When will Americans learn that in today’s globally connected world corporations have a choice where they make a product or service. It is up to our Federal government to compete for jobs just like our state governors and city mayors have been competing for decades.
President Barack Obama’s plans for a pan-Pacific free trade zone have stalled after Democrats defeated a key portion of legislation aimed at speeding negotiations.
“In two weeks the U.S. will have neither trade deals, nor an export bank. And at that point we’re going to be in full retreat on the global economic stage,” Immelt said.
Without Ex-Im, major export deals will be lost to China, Japan and Europe, where there is aggressive government support for exports, he said. Since GE does not want to lose that business, it will move production to countries where it can take advantage of export credit agency support.
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Today’s kids need to consider a role in IT. Here is a quick paragraph from a recent Wall Street Journal article.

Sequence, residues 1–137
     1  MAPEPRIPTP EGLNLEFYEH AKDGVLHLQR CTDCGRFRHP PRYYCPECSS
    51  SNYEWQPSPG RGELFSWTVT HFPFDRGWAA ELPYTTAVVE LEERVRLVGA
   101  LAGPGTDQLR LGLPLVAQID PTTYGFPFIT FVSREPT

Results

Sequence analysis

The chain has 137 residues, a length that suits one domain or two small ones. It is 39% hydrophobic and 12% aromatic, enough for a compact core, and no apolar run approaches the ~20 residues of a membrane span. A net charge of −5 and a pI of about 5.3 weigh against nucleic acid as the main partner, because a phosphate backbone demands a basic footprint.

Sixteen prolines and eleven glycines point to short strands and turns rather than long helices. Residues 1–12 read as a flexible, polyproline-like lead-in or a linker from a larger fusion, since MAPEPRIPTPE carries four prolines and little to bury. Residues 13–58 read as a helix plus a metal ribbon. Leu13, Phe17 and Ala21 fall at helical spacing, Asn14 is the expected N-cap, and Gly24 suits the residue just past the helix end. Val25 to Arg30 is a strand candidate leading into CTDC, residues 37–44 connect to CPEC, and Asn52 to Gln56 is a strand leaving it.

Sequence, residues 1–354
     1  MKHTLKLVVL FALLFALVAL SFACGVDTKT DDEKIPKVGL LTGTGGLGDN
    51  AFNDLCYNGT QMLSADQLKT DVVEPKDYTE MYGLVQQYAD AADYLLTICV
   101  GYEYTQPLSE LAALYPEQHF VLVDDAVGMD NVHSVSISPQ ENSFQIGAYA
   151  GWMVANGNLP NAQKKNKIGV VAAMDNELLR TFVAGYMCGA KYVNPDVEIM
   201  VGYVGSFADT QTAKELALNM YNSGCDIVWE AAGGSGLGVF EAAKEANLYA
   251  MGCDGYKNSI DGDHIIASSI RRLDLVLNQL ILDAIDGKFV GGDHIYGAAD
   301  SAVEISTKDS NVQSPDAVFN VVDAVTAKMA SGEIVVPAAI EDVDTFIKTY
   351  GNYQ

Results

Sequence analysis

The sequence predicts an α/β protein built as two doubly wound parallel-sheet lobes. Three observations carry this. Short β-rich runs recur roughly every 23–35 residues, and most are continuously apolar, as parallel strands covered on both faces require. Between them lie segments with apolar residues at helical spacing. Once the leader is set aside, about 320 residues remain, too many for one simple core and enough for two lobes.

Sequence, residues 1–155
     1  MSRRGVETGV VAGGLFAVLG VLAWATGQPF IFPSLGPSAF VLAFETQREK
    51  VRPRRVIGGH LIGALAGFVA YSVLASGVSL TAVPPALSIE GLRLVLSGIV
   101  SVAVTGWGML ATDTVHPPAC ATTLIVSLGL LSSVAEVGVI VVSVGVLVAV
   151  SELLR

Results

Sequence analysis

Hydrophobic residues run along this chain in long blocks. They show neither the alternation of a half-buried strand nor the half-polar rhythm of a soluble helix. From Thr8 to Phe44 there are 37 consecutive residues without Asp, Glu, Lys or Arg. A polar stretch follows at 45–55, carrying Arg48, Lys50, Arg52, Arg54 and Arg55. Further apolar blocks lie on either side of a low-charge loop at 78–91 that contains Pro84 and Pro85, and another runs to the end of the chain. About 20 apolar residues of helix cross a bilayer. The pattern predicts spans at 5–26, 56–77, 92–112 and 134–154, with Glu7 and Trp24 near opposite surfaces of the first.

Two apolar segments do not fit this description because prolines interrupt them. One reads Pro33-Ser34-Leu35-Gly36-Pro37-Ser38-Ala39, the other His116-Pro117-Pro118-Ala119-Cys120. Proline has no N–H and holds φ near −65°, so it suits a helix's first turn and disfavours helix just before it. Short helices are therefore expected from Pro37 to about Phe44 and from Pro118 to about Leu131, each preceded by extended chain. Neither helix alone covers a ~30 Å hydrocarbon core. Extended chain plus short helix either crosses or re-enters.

It doesn’t hurt their cause that the Bureau of Labor Statistics projects that there will be one million unfilled jobs for programmers in the U.S. by 2020. And that may be an underestimate, … He adds that the more software and hardware humans create, the more jobs in software there are, as new platforms like smartphones and drones spawn their own software ecosystems.
With the move to $15 or higher minimum wage, you can bet there will much more “shadow work” that will be moved to consumers or lost to automation. Shadow work is all the unpaid jobs we do on behalf of businesses and organizations: We are pumping our own gas, scanning our own groceries, booking our travel and busing our tables at Starbucks. Shadow work is a new concept, so as yet, no one has compiled economic data on how many jobs we, the consumers, have taken over from (erstwhile) employees. Yet it is surely a force shrinking the job market, and the unemployment it creates is structural.
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